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The party had just gotten through teaching some forest spiders the meaning of NOPE when they happened upon an idyllic waterfall suspiciously out of place on the edge of the spider’s domain. The raven, their guide to wherever the dragon and its rider were supposedly camped out. landed on an old tree by the edge of the waterfall’s pool. This was apparently the end of the road.
The pool itself was less that idyllic; there was a green cast to it, and a rolling green haze clung to the surface. As the party investigated, a green dragon exploded out from behind the waterfall and unleashed its poisonous breath, catching a few of the party members in its Cone of Death(tm) before wheeling around and plunging through the waterfall again.
Following the dragon, the party found themselves in a cavern system that opened into a rather large amphitheater. The dragon was here, clinging to the ceiling and awaiting the party’s entrance. As the group descended into the cavern, other enemies joined the battle: cultists from the north, elves from the south, and ettins from the west.
The dragon managed to score another hit with its breath weapon while the party tried to thin the heard while also wounding the dragon. The warlock polymorphed into a Tyrannosaurus rex (yes, seriously) and managed to bite a cultist in half. The ettins and the cultists were dealt with, and when sufficiently wounded, the dragon gathered up a cultist who appeared to be the dragon rider and the two plunged into a deep green pool that occupied the back-end of the cavern. With no sense of carrying on the fight, the elves laid down their weapons and surrendered.
Turns out the elves were collected from various villages as insurance that none of their surviving kin would warn others of their cult’s presence. The party extracted whatever information they could from the elves about the rest of the cavern and allowed them to leave.
A quick search of most of the caves revealed that the place was now deserted, with it’s occupants either dead, fled, or escaped. A hasty investigation of a finely appointed room earned the ranger an acid trap in the face, while the barbarian managed to dodge a point dart trap by smashing the lock of a chest in the room.
A secret door behind a tapestry lead to a small prayer room where the party discovered a journal written in elvish. Beyond that, another door was found in the opposite wall, behind which could be heard a low rumbling and a low volume conversation in elvish.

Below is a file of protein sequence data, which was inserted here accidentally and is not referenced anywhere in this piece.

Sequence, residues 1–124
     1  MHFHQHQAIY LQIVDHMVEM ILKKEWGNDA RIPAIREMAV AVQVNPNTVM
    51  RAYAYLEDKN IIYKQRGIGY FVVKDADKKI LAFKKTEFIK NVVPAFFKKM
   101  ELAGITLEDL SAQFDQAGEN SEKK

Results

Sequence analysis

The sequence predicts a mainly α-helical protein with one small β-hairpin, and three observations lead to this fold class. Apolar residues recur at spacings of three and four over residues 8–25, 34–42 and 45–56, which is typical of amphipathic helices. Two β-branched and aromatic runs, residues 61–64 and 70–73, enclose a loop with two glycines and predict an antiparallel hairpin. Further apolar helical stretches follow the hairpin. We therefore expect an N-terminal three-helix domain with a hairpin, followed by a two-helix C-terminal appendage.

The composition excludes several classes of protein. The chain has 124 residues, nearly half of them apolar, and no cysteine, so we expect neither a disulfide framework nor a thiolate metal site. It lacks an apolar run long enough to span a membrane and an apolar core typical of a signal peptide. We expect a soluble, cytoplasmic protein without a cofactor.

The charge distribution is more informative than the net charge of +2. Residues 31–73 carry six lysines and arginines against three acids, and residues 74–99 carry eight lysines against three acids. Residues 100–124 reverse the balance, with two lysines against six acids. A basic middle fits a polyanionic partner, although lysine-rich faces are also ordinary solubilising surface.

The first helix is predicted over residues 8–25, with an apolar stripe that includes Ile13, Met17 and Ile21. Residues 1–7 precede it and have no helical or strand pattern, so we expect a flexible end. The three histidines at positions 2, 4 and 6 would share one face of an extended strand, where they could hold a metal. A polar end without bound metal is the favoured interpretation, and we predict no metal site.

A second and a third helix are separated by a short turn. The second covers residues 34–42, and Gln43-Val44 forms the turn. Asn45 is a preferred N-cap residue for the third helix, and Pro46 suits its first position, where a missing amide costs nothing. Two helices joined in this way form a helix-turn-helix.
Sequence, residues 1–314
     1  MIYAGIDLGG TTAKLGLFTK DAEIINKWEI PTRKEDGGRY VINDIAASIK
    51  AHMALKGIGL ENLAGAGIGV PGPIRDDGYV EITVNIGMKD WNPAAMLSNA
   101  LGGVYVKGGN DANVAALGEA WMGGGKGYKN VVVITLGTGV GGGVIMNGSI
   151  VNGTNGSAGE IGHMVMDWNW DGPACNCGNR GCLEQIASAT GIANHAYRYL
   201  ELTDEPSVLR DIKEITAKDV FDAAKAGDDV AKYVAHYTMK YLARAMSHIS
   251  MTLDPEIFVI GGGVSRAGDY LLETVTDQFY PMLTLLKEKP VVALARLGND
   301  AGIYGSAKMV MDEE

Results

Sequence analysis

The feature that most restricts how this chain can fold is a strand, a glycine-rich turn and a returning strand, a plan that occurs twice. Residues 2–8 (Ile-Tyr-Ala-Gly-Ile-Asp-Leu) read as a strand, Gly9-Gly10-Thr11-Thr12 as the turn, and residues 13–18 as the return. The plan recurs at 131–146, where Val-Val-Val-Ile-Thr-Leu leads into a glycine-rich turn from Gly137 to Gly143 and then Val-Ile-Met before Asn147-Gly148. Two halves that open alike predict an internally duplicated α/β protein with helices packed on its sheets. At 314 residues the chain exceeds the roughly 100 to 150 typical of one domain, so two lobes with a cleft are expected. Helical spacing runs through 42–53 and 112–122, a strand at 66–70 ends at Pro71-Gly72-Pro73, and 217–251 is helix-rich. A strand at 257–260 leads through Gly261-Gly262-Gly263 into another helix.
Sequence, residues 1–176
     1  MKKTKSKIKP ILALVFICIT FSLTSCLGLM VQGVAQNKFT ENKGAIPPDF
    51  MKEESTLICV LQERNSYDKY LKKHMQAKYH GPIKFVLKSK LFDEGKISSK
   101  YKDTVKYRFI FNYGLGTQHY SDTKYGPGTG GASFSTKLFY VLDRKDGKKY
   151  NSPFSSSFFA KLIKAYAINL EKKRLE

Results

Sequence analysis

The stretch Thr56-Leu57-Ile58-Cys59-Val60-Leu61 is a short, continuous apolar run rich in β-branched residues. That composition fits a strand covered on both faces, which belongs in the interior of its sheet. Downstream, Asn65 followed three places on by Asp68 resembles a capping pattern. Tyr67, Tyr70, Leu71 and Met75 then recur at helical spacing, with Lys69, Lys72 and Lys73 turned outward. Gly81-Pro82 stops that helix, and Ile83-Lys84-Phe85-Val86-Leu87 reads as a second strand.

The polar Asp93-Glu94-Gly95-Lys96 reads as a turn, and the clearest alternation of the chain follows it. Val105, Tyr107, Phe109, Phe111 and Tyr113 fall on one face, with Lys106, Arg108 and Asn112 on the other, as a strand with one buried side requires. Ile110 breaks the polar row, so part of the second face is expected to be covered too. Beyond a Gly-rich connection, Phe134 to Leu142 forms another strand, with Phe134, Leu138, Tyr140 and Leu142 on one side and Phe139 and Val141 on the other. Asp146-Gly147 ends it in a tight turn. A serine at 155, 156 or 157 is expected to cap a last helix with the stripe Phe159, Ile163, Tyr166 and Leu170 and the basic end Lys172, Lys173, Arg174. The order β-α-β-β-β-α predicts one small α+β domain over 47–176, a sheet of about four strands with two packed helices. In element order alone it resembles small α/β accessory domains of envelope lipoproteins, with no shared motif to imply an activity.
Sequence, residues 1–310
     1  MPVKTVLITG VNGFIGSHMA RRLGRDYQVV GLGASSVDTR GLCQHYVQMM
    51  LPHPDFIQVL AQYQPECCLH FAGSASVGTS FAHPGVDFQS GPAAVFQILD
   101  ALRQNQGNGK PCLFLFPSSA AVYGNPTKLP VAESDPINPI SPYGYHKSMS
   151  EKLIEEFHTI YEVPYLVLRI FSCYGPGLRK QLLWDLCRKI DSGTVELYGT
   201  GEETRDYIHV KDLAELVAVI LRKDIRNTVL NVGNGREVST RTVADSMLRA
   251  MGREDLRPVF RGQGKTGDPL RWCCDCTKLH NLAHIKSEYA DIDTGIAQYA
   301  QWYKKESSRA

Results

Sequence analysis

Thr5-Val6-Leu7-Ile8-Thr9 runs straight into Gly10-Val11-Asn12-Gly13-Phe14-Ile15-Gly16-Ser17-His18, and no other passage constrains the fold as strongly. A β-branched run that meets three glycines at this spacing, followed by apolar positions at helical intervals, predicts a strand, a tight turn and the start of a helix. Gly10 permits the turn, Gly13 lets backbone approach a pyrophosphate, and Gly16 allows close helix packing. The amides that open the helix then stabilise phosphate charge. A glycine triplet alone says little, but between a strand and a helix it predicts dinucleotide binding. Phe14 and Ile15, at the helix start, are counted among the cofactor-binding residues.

+ + +
Pardon the basic rundown; this was a two session event that happened over three weeks, so the original engagement is kind of fuzzy.
Galin the elf offered his raven to the party to lead them to the lair of the green dragon and its rider that he had been meeting with. Along the way the party was granted a blessing from a druid in the woods, which the warlock refused. This blessing made the members immune to the dragon’s frightful presence but also covered up their presence from the dragons spies in the wood. Because the warlock did not accept the blessing, the party was exposed to prying eyes, and the dragon was lying in wait just behind the waterfall curtain.
The module wanted a lot of death to be thrown at the party, but I cut it down for two reasons: first, I didn’t think that so many enemies would result in any kind of fair fight, and second, I didn’t want to have to deal with (no kidding), something like 20-25 NPCs on the combat tracker. As it stood, this event took two sessions, and we’d probably still be in the middle of it had we kept the compliment that the module suggested.
Some interesting elements from last night’s session, though:
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- The warlock turning into a T.rex turned out to be a fun party trick, especially when he chomped a cultist in half.
- The bard was advocating that the party get out of the cavern throughout the encounter, and was hanging back for most of the event. At one point she handed her crossbow to the monk, but to return it, he tossed it across the cavern to her. I asked her to roll a DEX saving through, and wouldn’t you know it…she rolled a 1, immediately after we joked “wouldn’t it be hilarious if she fumbled the catch?” As a result, the crossbox fell short of the catch, bounced, and discharged a bolt that hit the ranger. This was the second time the bard had hit the ranger with a projectile.